Update 07/22/2020: RealView Imaging has raised $10 million in Series C funding to commercialize the HOLOSCOPE system in North America and Europe. This brings the company’s total funding to $20 million to date.
A hologram article wouldn’t be complete without giving a shout out to the people who made Tupac appear on stage 5 years ago at a huge music festival called Coachella. You’ve never heard of Tupac Shakur you say? Well, he was a fine upstanding citizen who was minding his own business before being shot 5 times in Manhattan in an attempted robbery. That was just before he went to prison for sexual assault after which he was shot again 4 times which resulted in his untimely demise. He was also into singing and studied jazz, ballet and poetry growing up.
So anyways, Tupac reappears on stage as a hologram in front of 90,000 people and the end result was a 500% increase in his album sales, which is quite the feat considering he’s dead. While arguably the Tupac manifestation wasn’t a proper hologram, the company behind the technology, Musion, is worth a look. Founded in 2002, they’re a British company that’s taken in an undisclosed amount of funding to become a “world leader in 3D holographic technology“. You can read more about their various projects here.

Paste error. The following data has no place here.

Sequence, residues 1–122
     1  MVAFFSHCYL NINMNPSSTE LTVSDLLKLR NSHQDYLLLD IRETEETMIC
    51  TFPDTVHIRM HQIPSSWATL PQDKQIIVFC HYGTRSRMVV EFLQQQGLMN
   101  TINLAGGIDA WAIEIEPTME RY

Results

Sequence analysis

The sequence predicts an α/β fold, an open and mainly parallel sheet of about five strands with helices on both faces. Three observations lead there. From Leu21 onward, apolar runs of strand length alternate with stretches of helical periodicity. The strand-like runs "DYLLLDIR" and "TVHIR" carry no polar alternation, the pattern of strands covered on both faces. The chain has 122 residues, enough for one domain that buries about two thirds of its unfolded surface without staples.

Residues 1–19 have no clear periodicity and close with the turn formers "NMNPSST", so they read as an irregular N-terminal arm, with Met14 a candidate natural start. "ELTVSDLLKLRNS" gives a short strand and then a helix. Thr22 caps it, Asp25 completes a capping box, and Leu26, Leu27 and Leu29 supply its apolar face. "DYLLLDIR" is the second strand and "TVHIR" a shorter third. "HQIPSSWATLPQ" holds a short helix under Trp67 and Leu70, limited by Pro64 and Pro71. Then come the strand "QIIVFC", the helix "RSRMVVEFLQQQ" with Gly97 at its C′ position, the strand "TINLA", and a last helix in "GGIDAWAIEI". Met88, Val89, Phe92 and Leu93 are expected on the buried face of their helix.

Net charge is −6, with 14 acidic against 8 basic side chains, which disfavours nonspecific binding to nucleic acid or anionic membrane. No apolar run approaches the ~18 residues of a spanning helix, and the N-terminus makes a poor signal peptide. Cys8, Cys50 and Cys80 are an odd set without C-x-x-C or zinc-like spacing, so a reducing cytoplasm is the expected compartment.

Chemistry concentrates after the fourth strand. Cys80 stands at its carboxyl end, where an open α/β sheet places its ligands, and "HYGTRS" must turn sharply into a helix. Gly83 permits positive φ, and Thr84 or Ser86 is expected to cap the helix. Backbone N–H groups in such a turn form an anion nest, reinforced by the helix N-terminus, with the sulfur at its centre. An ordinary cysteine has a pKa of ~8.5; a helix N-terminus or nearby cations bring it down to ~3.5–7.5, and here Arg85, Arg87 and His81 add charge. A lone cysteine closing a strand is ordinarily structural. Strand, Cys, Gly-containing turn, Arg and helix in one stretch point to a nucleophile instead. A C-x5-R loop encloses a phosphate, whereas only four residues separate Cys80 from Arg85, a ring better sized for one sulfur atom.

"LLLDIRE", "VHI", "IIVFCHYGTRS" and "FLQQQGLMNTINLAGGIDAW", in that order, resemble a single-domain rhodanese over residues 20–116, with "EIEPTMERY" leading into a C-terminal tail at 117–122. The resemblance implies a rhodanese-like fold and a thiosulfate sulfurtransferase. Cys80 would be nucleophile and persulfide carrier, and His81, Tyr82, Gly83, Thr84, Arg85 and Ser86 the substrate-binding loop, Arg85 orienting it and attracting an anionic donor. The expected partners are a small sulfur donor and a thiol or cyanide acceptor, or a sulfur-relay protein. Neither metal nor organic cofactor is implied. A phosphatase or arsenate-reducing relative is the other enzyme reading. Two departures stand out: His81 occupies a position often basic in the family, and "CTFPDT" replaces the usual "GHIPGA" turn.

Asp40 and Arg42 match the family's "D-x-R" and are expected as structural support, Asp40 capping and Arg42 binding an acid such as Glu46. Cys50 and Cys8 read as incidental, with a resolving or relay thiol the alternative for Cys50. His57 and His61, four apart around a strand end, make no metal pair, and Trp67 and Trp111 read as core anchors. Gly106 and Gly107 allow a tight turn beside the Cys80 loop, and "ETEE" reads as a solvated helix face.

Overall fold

Our last startup is one you may have seen in the news this year as they prepare to wow everyone with holograms that just might be coming out of your smartphone. Founded in 2014, Silicon Valley startup LEIA Inc. has raised $85 million in funding, the majority of which they spent on acquiring the rights to name their company after Princess Leia of Star Wars. We’re just kidding about that last part of course. They’ve taken all that money and used it to build “interactive holographic display technology for mobile devices”. Long story short, they’re using nanotechnology referred to as “Diffractive Lightfield Backlighting” or DLB to give standard smartphone displays “magical properties”:
With the amount of funding they’ve taken in, we can only assume that it’s just a matter of time before they give us just another reason to stare at our smartphones 24/7. They’re hiring a Game Designer which implies that the platform is mature enough to develop content on now.
When researching holograms, we came across quite a few cases where companies refer to augmented reality as “holograms”. For example, an AR company we’ve covered before called 8i claims to produce “real human holograms for augmented, virtual and mixed reality”. While it is true that you can scan a 3D image of yourself into augmented or virtual reality, they’re only holograms if someone can walk into the office and see one sitting at your desk daydreaming just like the real you. The notion of “glasses-free VR” that FoVI 3D describes is what we’re looking forward to, but without the constraints of devices such as these:
Holograms need to appear within an unrestricted space, such that our entire reality becomes “overlayed” with digital objects. Of course what we’re describing there is actually just what augmented reality is. If you’re just willing to put on a pair of glasses, like Microsoft’s aptly named “HoloLens”, then hologram technology is already here.